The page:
Being able to assert who we are and what claims we have can be empowering. But identity checks are increasingly conducted and required, both with and without our knowledge.
Modern identity systems aren't just about 'checking papers'. Increasingly,
- our identity is becoming our password that unlocks our devices and grants us access to our rights;
- our identity is also the profile developed by others, binding us to our recorded characteristics and behaviours and conduct and activities; and
- the identity assigned to us is increasingly a proverbial weight around our necks that defines us and is used to constrain.
Governments and industry are building identity systems to support their needs to administer, govern, and profit. In turn, they are being used to facilitate targeting, profiling and surveillance. Despite their rhetoric, they are not designed for us and our empowerment. These systems are designed to target and exclude.
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In 2017, a website run by the Jharkhand Directorate of Social Security leaked the personal details of over.1 million Aadhaar subscribers, most of them old age pensioners who had enabled automatic benefits payment into their bank accounts. Aadhaar is a 12-digit unique identification number issued
Research from the Brennan Center shows minorities are primarily affected by new laws that restrict citizens access to voting through ID requirement, increased distance to polling station, inconvenient opening hours and hidden costs.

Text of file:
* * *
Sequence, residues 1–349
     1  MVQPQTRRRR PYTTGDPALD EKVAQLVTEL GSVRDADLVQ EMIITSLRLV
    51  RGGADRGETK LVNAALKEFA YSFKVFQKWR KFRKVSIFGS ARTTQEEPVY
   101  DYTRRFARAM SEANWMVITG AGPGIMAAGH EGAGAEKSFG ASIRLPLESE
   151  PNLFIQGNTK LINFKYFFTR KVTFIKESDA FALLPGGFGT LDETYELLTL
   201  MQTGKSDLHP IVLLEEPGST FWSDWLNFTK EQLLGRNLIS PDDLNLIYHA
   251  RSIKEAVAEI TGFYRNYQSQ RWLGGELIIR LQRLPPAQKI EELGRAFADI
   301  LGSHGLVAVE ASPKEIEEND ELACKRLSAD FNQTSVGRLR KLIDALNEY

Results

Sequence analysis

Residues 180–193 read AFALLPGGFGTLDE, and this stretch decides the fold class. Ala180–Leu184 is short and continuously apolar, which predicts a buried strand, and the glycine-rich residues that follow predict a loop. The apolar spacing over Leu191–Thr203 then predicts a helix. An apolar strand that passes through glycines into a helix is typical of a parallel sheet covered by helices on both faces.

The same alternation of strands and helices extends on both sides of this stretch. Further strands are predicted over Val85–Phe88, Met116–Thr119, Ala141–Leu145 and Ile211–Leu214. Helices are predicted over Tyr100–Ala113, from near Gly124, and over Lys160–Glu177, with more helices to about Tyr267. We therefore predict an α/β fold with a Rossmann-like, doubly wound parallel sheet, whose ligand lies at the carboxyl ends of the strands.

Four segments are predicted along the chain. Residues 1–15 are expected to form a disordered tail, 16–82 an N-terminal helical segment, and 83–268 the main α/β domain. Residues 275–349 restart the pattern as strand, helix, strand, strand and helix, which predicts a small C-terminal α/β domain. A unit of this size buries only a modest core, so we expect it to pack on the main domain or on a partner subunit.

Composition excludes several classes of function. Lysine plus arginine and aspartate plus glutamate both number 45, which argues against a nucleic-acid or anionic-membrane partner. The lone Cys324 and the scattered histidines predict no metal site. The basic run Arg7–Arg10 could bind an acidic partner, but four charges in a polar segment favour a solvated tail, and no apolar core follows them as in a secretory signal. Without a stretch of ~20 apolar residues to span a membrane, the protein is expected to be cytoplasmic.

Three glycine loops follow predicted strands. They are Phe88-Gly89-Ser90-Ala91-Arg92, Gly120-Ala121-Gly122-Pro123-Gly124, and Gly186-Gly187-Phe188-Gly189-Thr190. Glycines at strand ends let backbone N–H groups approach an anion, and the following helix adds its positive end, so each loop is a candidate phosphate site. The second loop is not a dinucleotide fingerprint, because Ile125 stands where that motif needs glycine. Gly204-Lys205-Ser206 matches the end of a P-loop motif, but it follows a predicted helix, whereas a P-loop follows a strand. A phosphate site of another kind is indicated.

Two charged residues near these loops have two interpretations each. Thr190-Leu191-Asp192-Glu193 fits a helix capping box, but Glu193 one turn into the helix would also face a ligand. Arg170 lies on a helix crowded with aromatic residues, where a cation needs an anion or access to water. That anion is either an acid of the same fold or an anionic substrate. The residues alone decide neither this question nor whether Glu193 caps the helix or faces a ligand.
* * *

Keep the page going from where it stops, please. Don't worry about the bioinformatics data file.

In 2015, the Swedish startup hub Epicenter began offering employees microchip implants that unlock doors, operate printers, and pay for food and drink.
Cases of people being denied healthcare as they fail to provide an Aadhaar number have already started emerging. A 28-year old domestic worker, for instance, had to be hospitalised for a blood transfusion after she had an abortion with an unqualified local physician.
In February 2018 the Home Office gave the Yorkshire Police 250 scanners that use a smartphone app to run mobile fingerprint checks against the UK's criminal fingerprint and biometrics database (IDENT1) and the Immigration and Asylum Biometrics System (IABS).
In Ireland benefits claimants are expected to register for a Public Services Card (PSC) in order to access benefits. PSC users are expected to have their photographs taken in department offices, which is then digitally captured along with their signature.